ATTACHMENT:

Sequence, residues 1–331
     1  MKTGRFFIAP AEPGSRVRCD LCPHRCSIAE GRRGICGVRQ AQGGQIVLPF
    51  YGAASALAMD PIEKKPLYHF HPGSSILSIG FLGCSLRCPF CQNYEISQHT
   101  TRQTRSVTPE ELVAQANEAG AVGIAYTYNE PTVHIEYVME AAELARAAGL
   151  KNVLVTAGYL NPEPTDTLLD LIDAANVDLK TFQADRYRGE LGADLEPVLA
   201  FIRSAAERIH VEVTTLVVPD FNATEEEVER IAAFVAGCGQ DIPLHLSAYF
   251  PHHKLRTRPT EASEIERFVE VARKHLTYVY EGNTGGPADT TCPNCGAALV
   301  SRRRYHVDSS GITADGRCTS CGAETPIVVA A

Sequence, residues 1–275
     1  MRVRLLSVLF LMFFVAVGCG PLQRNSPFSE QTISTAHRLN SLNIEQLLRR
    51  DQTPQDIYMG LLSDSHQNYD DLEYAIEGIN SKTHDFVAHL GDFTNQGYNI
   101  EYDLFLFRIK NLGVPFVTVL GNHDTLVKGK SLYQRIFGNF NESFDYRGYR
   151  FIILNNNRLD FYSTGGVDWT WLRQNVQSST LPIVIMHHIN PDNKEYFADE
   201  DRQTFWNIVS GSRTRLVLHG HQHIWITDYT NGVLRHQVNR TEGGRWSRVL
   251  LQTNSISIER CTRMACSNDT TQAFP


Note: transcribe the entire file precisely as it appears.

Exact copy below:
Sequence, residues 1–331
     1  MKTGRFFIAP AEPGSRVRCD LCPHRCSIAE GRRGICGVRQ AQGGQIVLPF
    51  YGAASALAMD PIEKKPLYHF HPGSSILSIG FLGCSLRCPF CQNYEISQHT
   101  TRQTRSVTPE ELVAQANEAG AVGIAYTYNE PTVHIEYVME AAELARAAGL
   151  KNVLVTAGYL NPEPTDTLLD LIDAANVDLK TFQADRYRGE LGADLEPVLA
   201  FIRSAAERIH VEVTTLVVPD FNATEEEVER IAAFVAGCGQ DIPLHLSAYF
   251  PHHKLRTRPT EASEIERFVE VARKHLTYVY EGNTGGPADT TCPNCGAALV
   301  SRRRYHVDSS GITADGRCTS CGAETPIVVA A

Sequence, residues 1–275
     1  MRVRLLSVLF LMFFVAVGCG PLQRNSPFSE QTISTAHRLN SLNIEQLLRR
    51  DQTPQDIYMG LLSDSHQNYD DLEYAIEGIN SKTHDFVAHL GDFTNQGYNI
   101  EYDLFLFRIK NLGVPFVTVL GNHDTLVKGK SLYQRIFGNF NESFDYRGYR
   151  FIILNNNRLD FYSTGGVDWT WLRQNVQSST LPIVIMHHIN PDNKEYFADE
   201  DRQTFWNIVS GSRTRLVLHG HQHIWITDYT NGVLRHQVNR TEGGRWSRVL
   251  LQTNSISIER CTRMACSNDT TQAFP